Weaver Labs is a web3 startup driving growth through connectivity. Recently, it was selected as a winner of the UK Government Future Ran Competition (FRANC), launched by DCMS. The London-based tech firm is creating an open and shared marketplace of connectivity assets with a focus on security to accelerate innovation by enabling connectivity.
Their software layer called Cell-Stack is touted to aggregate and digitise all the necessary assets to build networks and access connectivity on-demand.
Lema adds, “During my career in tech I’ve met incredible Women who have been an inspiration for me, this has motivated me to continue despite all the barriers we experience. Of course, it’s intimidating at the beginning but I encourage fellow female leaders to push through and make themselves a seat at the table. Because we deserve it as much as others do.”
Female representation, a long way to go
Further, Vesela Nikolova, Centre Director of Amdaris Bulgaria says, “Even though there have been a lot of improvements in the tech industry when it comes to female representation, there is still a long way to go. Companies should proactively advocate for women in tech through mentorship programs. Technology such as Gapsquare, for example, is also very useful to ensure there is no gender pay gap. Amdaris is one of the most progressive software development companies giving a voice to women in tech, with three of our regional directors being women and 30% of our technology developers being female, much higher than the industry average. We also partner with Tech Women Moldova (TWM), a public association dedicated to attracting and supporting women in technology. We provided four mentors to TWM to assist with its pledge to become the biggest knowledge-sharing platform for women in technology.”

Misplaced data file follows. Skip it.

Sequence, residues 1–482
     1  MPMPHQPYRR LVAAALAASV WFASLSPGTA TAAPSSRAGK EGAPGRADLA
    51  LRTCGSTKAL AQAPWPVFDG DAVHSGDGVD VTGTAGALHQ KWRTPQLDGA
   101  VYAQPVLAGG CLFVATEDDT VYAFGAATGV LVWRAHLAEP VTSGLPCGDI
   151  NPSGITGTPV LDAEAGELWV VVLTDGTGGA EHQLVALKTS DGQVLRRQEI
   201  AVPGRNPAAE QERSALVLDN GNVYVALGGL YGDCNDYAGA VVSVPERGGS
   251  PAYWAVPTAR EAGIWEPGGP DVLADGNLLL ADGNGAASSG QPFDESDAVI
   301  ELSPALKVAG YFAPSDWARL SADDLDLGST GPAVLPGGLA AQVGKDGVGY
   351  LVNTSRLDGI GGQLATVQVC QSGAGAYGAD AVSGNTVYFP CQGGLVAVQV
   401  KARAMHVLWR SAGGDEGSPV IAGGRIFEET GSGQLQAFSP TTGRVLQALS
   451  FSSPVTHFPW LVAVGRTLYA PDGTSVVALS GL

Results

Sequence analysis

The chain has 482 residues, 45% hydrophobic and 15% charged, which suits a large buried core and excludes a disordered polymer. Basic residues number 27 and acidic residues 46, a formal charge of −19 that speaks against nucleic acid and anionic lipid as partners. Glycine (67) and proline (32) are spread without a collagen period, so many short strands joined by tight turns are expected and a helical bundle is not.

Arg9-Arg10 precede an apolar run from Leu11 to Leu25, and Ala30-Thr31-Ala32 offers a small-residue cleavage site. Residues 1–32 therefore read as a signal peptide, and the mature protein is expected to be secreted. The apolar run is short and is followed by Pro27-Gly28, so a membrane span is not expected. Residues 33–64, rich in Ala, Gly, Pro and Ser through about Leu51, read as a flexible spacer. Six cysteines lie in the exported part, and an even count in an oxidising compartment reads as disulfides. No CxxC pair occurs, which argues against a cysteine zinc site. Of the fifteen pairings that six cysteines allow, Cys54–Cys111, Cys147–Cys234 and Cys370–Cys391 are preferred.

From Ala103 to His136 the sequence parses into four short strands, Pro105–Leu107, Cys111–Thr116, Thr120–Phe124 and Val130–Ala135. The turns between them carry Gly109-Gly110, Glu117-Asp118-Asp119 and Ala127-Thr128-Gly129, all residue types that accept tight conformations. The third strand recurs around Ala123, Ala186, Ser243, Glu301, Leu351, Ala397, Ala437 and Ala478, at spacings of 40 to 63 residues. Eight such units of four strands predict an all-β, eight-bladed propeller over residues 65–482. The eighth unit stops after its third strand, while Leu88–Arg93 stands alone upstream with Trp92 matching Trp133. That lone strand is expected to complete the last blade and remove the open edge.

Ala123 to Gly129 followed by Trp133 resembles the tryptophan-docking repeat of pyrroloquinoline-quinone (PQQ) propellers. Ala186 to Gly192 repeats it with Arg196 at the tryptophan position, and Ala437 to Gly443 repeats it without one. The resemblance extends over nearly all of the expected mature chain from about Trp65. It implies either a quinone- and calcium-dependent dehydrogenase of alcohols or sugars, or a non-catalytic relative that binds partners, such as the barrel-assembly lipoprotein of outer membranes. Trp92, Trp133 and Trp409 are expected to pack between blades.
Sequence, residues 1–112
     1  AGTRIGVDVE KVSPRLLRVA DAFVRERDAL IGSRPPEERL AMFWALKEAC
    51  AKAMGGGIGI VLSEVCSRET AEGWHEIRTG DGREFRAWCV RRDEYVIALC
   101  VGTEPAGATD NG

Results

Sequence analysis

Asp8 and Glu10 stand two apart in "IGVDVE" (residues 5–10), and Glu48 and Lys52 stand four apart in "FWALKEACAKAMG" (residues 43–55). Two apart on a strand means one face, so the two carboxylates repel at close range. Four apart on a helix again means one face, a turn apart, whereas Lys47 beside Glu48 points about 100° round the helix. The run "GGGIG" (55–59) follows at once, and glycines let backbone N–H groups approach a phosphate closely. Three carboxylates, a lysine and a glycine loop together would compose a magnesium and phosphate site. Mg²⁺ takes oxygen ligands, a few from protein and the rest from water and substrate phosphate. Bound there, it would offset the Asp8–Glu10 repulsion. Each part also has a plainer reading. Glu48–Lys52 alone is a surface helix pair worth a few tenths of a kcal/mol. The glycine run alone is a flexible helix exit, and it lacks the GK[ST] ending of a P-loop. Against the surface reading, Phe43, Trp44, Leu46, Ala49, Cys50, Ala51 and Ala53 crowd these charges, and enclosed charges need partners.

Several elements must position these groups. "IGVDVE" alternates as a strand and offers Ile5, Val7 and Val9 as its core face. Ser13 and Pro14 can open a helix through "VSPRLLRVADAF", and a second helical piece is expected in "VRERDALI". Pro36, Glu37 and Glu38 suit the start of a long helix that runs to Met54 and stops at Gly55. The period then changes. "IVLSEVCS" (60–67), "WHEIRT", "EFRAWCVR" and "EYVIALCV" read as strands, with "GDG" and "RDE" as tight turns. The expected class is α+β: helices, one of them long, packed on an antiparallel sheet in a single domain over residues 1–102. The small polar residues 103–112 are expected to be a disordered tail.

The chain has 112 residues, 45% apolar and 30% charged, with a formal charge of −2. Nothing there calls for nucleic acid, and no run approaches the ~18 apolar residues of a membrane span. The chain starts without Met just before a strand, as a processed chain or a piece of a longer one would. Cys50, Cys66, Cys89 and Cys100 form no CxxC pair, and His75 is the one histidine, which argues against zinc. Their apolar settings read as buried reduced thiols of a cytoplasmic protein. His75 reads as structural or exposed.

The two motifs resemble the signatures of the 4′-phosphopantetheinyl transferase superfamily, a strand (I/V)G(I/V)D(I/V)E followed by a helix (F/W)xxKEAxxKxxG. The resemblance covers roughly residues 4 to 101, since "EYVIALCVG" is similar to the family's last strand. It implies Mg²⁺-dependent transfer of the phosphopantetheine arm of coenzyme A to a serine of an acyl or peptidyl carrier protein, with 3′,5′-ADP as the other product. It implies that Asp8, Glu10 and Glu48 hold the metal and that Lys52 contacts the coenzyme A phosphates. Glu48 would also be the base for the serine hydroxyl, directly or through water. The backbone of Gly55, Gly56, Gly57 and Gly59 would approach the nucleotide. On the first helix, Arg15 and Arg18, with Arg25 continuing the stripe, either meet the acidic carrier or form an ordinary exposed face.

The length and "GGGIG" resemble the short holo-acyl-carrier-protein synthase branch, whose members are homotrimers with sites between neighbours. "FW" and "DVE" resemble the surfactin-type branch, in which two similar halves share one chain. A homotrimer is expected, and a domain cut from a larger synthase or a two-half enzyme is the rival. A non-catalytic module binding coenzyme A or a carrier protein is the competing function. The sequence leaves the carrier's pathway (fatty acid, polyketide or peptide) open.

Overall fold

Founded by Vlad Nanu and Andy Rogers in 2009, Amdaris has come up with a unique philosophy to aid digital transformation for companies whilst focusing on investing in talent, and achieving its client’s vision through exceptional service. With a strong focus on culture and values, Amdaris transports its DNA from one country to the next. The company’s unique growth ethos nurtures and leverages some of the world’s best talent in their existing region. This involves investing in local education and skill development, as well as building technology centres of excellence, in regional communities across the continent and the globe.